Like this: if I say Alaska is BIG, the only way to grasp the absolute enormity of the place is to go there and see it. Because it dwarfs everything. And it changes you when you see it.

That's it for my pontificating for today. I'm not done with the ride report though.
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Old 10-26-2007, 09:56 PM   #41
peteE
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Great report B-man.
After spending thousands of miles crosscountry on a bike I get a bizzare feeling that I am flying. That i have become part of the machine ...just motoring along without having to think about the controls.
Watching the road and the sky,grinning.
You stated that feeling very well.
Thanks for Sharing your trip!
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Old 10-27-2007, 11:41 AM   #42
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What happened to my pants

I don't know if any of you noticed the duct tape on my pants. These pants only cost about five or six hundred dollars, plus about three cents worth of 3M Duct Tape.

My first morning of riding- somewhere in South Dakota. I think it was my first fillup.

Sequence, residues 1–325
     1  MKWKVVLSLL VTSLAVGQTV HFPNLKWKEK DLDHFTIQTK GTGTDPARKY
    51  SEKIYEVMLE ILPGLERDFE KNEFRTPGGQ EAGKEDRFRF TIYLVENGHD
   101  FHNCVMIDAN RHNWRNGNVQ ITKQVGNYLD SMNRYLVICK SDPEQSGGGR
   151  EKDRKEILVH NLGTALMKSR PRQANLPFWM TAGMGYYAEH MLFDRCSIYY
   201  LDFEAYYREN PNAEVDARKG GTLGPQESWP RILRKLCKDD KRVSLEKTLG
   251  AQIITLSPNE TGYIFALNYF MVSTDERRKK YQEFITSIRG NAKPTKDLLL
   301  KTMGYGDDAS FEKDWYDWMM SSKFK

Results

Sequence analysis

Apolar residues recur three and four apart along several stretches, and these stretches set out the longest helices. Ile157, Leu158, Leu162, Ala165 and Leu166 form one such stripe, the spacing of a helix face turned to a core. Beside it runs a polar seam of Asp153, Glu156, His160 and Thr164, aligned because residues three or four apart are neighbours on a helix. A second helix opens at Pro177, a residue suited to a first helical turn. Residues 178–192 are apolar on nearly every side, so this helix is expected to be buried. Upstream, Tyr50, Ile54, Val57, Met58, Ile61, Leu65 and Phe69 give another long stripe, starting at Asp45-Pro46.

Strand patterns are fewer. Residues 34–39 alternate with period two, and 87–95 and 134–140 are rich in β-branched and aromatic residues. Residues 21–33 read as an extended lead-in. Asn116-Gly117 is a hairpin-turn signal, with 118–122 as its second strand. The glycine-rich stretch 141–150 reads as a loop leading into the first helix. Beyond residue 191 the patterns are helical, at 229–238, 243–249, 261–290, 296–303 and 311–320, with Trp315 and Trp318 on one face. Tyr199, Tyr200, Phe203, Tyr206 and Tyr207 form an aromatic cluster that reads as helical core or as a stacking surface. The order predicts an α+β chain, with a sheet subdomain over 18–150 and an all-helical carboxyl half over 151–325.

"9:20 Am Kimball S.d. 4.3 gal @ $12.63 melted my pants on the muffler STUPID."

It was an absolutely beautiful day. I had the sun at my back and I was riding West on a perfect highway in a state where they don't stop people for speeding. There were gas stations every 20 miles so I didn't have to worry a bit about fuel. I could ride close to 200 miles and at 90 that meant going far fast.

I wasn't feeling quite like a noob or a posseur. I was fantasizing about what it would feel like to be a real rider. It could only have been better if I'd been wearing full leathers in cool racing colors and if my bike didn't have side cases or a top case or a big red duffle strapped to the back seat. Or it could only have been better if instead of the duffle I had a girl, in matching leathers, holding on tight with her face close to my ear... (in fantasies you don't have to worry about helmets when it comes to girls pressing their faces to your ear, and stuff like that).